In the September experiment, the pulses of neutrinos sent by CERN were relatively long—around 10 ms each. So measuring the exact arrival time of the particles could have large errors. In November, the experiment was repeated with beams that were thousands of times shorter—just 3 ns. There were large gaps of 524 ns between these. So OPERA could measure the arrival time with greater accuracy.
With such short pulses, one does not have to worry about the shape, duration, etc of the beams. It is just a ‘click,’ and one has to note when it happened without worrying about when the beam started or ended. Being more accurate, a shorter number of readings (20 instead of 15,000 made in September) were enough to replicate the earlier experiment.
While the OPERA team has been making its findings public, it is still reluctant to dispute Einstein’s theory. They are merely requesting others to pay attention to this phenomenon and validate the experiments independently, while at the same time planning further experiments themselves. For one thing, they are planning to repeat the experiments using muon detectors with improved clock synchronisation.
The team is also considering the use of optical fibres instead of geographical positioning system (GPS) used currently. Einstein’s theory of relativity says that the clock ticks at different rates depending on the gravitational force at a place—this could cause a difference in timing. The use of optical fibres instead of GPS could overcome this discrepancy also.
As with any ‘big’ announcement, OPERA’s revelation has also been met with mixed reactions. While on the one hand, there are scientists raring to create a ‘new’ physics, there are also those who are dismissing the findings as mere humbug. Faulty experiments, say some, while others blame the different gravitational conditions at CERN and Gran Sasso. Quite understandably, it is not easy for the world of science to accept a challenge to the very foundation of modern physics.
In fact, another group of scientists working at Gran Sasso has itself contradicted the OPERA findings. The ICARUS Collaboration, another team at Gran Sasso, also captured some of CERN’s neutrinos. Their goal was to measure the energy and not the journey time. If the neutrinos travelled faster than light, these would have emitted some radiation throughout the journey, losing energy in the bargain. However, the energy remained the same from start to end—so OPERA’s claim is not feasible, according to the ICARUS Collaboration.
Prof. Dr Subhash Karbelkar, head of the department of physics, BITS-Pilani, explains, “If an object travels faster than the speed of the appropriate waves, it leaves behind a trail of disturbances, which naturally costs it some energy. A familiar example of this phenomenon is the sonic boom behind supersonic (faster-than-sound) planes or the conical wake that ducks leave on the pond’s surface. When charge particles move in a medium with speeds faster than the speed of light in that medium, a kind of radiation called the Cerenkov radiation is emitted by them. It has been predicted by Cohen and Glashow (Nobel laureate) that in a similar manner, neutrinos moving faster than light should emit some such radiation and in the process lose out energy in a specified manner. The ICARUS team has reported that they have seen no such effect in the energy distribution of the neutrinos.”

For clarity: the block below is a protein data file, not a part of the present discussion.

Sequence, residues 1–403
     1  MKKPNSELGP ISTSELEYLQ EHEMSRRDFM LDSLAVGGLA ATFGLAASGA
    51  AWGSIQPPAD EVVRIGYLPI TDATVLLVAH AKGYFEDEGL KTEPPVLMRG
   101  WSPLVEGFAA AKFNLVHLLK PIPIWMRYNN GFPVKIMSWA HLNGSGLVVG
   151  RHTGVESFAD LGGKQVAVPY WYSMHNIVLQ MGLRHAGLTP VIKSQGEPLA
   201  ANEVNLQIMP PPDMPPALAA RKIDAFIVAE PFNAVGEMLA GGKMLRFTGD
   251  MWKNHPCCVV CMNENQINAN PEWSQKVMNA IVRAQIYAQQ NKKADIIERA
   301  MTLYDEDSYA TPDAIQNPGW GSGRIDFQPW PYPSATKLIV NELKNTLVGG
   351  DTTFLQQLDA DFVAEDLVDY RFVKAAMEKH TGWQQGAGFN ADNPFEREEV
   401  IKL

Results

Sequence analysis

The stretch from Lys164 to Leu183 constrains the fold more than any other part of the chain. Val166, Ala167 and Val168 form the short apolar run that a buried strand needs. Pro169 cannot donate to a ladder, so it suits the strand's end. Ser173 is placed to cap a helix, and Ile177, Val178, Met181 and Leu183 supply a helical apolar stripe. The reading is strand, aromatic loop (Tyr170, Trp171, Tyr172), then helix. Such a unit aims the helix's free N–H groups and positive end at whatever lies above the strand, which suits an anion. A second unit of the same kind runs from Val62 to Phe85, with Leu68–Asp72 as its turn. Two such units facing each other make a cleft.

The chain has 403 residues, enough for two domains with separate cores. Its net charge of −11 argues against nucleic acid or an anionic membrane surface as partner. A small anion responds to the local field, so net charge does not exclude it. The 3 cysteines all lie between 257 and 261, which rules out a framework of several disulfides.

He also points out another reason to doubt the ‘faster than light’ phenomenon. “When the famous supernova explosion happened in 1987, the light and neutrino bursts from it came more or less at the same time (with a few hours’ difference), whereas OPERA’s claim would imply that the neutrinos should have reached several years earlier. Considering the fact that the time taken for light is only estimated in the OPERA experiment we must be more patient and wait for a more rational explanation of the observation to surface. So it looks that there is no need to doubt the Einstein’s theory of relativity at this time.”
It is to be noted that OPERA’s and ICARUS’ efforts were experiments and not discoveries. The difference between the two is humongous. While even the smallest discovery might be accepted without doubt, no experiment would be absolutely acceptable unless verified by a third party. It is believed that some labs in the US and Japan have undertaken to verify this observation.
Prof. Karbeklar adds, “The relativity theory has been verified in so many ways that even if the new OPERA result is confirmed, it may not entirely scrap Einstein’s theory; just as Einstein’s theory didn’t overthrow the previous one entirely but only brought out its limits of validity. But as I have mentioned earlier, it is a bit too early to treat the OPERA result as firmly established.”
So we need to wait and see. No hurry to rewrite our textbooks!
The author is a technically-qualified freelance writer, editor and hands-on mom based in Chennai